(a) UMAP of subclustered trophoblasts (n=29,668). Colors correspond to the clusters at the right. (b) Dot plot showing average expression and percent of cells in each cluster as identified by the marker genes listed on the x-axis. The clusters are listed on the y-axis. (c) UMAP of subclustered trophoblasts from the villous chorion (VC) (left) or the SC (right). Clusters and colors are the same as in panel a. (d) Quantification of the number of cells in each trophoblast cluster from each region. Cells from the VC are shown in black. Cells from the SC are shown in blue. (e) Violin plot of PAGE4 transcript expression across all trophoblast clusters. (f) Immunofluorescence co-localization of PAGE4 with pan-cytokeratin (marker of all trophoblast) in the VC (left) or SC (right). (g) Violin plot of KRT6A transcript expression across all trophoblast clusters. (h) Immunofluorescence co-localization of KRT6 with pan-cytokeratin (marker of all trophoblast) in the VC (left) or SC (right). (i) Immunofluorescence co-localization of CDH1 and KRT6 in the VC (left) or SC (middle). High magnification inset is denoted by the white box (right). For all images, nuclei were visualized by DAPI stain; scale bar = 100 μm. Abbreviations: AV = anchoring villi; FV = floating villi; SC = smooth chorion epithelium; Amn. = amnion; Dec. = decidua.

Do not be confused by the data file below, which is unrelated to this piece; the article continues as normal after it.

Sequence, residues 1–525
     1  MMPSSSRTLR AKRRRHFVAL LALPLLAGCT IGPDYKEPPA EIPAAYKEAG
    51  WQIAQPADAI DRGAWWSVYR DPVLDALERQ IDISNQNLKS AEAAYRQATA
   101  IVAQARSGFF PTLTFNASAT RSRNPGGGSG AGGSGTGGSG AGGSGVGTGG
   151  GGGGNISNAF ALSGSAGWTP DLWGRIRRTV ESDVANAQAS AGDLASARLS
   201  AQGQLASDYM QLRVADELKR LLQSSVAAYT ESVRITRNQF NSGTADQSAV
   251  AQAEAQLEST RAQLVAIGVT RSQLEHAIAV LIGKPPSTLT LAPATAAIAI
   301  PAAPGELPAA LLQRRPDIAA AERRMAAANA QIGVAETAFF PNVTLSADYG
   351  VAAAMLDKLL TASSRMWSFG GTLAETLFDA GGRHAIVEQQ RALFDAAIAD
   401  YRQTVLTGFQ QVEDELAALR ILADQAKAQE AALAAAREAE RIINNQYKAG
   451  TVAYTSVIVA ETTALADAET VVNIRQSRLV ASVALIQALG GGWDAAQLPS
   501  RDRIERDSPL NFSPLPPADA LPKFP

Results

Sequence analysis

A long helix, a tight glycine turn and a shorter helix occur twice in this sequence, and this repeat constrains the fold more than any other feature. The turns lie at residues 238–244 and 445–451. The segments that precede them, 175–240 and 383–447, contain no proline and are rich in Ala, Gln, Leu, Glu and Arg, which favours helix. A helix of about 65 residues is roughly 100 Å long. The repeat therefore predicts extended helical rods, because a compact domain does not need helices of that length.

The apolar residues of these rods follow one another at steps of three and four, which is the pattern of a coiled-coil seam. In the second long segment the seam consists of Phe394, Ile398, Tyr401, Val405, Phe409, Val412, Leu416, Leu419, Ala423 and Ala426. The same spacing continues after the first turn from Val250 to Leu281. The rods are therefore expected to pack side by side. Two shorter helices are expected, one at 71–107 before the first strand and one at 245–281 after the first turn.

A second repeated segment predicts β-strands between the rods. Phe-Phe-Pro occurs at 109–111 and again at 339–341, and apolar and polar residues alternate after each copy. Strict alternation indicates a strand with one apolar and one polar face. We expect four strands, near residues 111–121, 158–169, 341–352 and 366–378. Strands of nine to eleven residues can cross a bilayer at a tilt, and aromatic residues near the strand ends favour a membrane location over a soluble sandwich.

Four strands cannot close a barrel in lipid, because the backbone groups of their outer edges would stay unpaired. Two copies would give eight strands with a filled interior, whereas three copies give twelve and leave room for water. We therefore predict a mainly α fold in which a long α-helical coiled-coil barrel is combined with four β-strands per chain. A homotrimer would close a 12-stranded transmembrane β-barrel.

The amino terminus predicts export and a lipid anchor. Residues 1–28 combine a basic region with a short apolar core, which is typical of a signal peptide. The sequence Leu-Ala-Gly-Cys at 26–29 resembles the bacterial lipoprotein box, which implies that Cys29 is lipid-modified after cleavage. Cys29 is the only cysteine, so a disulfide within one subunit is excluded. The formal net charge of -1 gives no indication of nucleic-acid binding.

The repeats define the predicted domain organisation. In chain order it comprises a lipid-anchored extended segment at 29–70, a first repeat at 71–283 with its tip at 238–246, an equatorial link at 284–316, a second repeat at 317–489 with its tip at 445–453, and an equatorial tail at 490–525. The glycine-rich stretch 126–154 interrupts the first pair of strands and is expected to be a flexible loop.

Figure 2—source data 1

Marker genes for each cluster in the trophoblast subset.

Broad classes of trophoblast were annotated by established markers (STBs – CGA, CYP19A1, CSH1, CSH2; EVTs – HLA-G, DIO2; CTBs – PAGE4, PEG10, and no expression of EVT and STB markers) (Figure 2b and Figure 2—figure supplement 2a; McMaster et al., 1995; Lee et al., 2016; Suryawanshi et al., 2018; Liu et al., 2018). Comparison to previously published cell types in the VC and SC confirmed the identities of most clusters (Figure 2—figure supplement 1d-g; Vento-Tormo et al., 2018; Pique-Regi et al., 2019). Two cell clusters showed high expression of canonical phasic transcripts, including MKI67, with the S-phase cluster denoted by expression of PCNA and the G2/M-phase cluster by expression of TOP2A (Figure 2—figure supplement 2b; Tirosh et al., 2016). Both populations share gene expression with all clusters of CTBs, and therefore, were identified as actively cycling CTBs (Figure 2—figure supplement 2a). No STB or EVT markers were identified in the cycling clusters as was expected due to the requirement for cell cycle exit upon terminal differentiation to these lineages (Lu et al., 2017; Genbacev et al., 1997).